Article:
Then life happens and things get in the way. Shakespeare took a back seat to doctor’s appointments, work, dinner, diapers, toys, little brothers and everything else. About a week later I was getting ready to text one of my dearest friends in this universe. I was missing her and just needed to say it. She lives in South Carolina and we are in New York. Sunny was getting ready to perform in a production of Midsummer. On a whim I looked up at my daughter and said “I know a bank.”

Can you believe my astonishment that my four year old looked at me and smiled without missing a beat and said with a bucket of pride and sass, “I know a bank where the wild thyme blows. Where oxlips and the nodding violet grows”. I almost cried with joy.

I quickly recorded it for Sunny and sent it to her. What a perfect way to say I love you and celebrate my daughter possibly embracing a shared love and passion of her mom and Auntie. It was magical. We played with the phrase and then left it alone. I was so excited that my daughter had two lines of Shakespeare tucked in her heart, maybe forever. She and I will be bound to Midsummer as long as we breathe. I was in an instant so grateful to Mr. Ludwig for reminding me that love and learning are seeds of happiness.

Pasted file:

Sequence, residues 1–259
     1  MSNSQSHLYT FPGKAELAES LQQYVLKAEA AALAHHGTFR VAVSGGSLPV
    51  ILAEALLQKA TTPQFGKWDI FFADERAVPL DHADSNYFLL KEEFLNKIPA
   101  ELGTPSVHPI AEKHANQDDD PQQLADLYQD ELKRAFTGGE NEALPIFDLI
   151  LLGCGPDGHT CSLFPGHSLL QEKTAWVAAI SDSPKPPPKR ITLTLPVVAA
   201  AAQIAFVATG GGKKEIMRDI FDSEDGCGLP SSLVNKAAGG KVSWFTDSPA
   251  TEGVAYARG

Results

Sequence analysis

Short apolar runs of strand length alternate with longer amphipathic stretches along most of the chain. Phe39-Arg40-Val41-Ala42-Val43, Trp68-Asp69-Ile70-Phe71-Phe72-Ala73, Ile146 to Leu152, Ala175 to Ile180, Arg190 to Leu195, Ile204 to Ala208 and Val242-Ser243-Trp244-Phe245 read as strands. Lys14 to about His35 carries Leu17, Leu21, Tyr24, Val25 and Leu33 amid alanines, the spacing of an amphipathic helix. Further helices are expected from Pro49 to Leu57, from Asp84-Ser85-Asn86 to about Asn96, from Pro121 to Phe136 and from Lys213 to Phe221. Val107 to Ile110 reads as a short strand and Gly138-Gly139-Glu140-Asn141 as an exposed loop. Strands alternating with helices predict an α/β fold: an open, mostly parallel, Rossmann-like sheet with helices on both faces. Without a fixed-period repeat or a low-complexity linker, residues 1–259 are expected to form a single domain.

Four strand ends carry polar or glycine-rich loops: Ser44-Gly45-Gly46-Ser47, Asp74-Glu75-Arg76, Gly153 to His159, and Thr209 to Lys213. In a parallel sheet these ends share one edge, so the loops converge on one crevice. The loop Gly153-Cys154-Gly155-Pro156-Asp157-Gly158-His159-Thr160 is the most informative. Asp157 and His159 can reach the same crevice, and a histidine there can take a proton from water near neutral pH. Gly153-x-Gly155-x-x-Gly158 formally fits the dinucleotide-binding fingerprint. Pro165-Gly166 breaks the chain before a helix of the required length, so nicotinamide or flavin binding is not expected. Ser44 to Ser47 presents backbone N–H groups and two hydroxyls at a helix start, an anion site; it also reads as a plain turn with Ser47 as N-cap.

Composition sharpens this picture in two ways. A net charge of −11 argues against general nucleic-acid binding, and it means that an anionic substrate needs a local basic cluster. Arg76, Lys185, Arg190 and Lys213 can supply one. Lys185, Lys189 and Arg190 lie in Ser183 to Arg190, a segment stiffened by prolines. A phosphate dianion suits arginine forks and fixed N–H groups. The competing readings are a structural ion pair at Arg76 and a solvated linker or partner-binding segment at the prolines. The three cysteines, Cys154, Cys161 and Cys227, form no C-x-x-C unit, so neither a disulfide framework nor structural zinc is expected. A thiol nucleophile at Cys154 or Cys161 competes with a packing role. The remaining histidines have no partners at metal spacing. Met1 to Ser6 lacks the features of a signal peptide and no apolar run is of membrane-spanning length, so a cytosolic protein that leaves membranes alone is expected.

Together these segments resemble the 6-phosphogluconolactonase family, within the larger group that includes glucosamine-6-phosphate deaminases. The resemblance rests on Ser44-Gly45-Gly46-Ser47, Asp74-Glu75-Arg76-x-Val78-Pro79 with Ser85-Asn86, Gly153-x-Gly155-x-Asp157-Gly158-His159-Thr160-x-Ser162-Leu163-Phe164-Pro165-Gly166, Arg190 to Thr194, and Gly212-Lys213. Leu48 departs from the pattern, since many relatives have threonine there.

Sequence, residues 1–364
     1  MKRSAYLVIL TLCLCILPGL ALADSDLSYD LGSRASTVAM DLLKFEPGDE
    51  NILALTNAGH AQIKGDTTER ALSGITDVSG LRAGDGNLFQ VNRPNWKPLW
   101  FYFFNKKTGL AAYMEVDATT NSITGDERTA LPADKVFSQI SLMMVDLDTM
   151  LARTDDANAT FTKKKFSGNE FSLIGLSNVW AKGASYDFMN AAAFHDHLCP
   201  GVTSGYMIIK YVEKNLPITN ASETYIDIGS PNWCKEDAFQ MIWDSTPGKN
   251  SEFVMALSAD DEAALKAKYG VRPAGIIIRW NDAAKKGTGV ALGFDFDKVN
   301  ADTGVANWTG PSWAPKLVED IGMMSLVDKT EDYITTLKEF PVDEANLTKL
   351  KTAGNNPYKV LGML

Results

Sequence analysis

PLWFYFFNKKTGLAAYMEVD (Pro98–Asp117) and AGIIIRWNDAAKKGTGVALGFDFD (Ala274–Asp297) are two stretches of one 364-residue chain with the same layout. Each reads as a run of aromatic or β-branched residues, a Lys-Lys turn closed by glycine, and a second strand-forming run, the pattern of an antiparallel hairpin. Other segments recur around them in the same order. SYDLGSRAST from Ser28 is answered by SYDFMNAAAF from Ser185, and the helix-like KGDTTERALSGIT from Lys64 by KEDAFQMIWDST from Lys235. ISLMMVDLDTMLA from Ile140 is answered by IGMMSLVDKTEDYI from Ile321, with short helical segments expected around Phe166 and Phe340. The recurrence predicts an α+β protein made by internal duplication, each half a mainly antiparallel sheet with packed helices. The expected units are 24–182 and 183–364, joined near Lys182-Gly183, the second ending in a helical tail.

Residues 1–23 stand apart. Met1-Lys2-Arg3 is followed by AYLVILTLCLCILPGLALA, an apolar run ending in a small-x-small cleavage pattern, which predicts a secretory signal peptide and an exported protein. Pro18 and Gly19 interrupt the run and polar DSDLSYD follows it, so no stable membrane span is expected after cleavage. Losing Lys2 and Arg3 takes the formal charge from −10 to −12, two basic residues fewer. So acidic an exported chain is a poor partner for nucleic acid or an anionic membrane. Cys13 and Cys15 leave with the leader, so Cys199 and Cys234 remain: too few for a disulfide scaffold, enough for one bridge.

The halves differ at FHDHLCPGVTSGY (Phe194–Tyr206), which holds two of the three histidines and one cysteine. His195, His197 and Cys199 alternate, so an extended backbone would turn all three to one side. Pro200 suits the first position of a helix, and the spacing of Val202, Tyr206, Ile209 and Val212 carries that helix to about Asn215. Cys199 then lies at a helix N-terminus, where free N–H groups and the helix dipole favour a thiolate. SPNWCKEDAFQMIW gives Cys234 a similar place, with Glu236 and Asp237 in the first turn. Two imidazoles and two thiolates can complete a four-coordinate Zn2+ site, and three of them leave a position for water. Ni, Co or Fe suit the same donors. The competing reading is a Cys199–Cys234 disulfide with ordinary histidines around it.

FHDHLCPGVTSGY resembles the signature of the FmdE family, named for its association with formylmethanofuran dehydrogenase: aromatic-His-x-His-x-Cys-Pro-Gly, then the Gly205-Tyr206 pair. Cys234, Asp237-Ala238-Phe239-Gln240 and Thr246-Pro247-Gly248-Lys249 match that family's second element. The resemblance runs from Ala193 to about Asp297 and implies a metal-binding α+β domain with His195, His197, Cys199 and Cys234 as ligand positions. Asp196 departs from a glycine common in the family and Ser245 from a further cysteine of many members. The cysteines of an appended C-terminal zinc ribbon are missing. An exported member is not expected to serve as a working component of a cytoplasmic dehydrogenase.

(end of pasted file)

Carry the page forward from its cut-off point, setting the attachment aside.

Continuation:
Thankfully, it doesn’t end there! A few nights ago, my husband and I were sitting on the sofa in the throng of bedtime prep for Juliana and her 1 year old brother, Colin. Their grandmother was on the computer having a quick video chat. Juliana came over to us and said, “Mommy, I want to learn more Shakespeare.”.